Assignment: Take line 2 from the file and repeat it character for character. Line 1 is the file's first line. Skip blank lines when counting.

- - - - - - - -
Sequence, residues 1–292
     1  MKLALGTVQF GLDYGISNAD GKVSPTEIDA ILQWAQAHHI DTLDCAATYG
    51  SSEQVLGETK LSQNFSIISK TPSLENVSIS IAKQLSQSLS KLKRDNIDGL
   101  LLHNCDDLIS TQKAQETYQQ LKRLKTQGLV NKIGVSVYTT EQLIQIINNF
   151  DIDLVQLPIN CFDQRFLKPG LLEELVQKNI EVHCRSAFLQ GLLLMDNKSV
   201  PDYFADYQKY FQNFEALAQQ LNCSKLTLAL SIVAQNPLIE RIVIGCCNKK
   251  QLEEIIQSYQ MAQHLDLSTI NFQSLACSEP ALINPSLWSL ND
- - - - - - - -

     1  MKLALGTVQF GLDYGISNAD GKVSPTEIDA ILQWAQAHHI DTLDCAATYG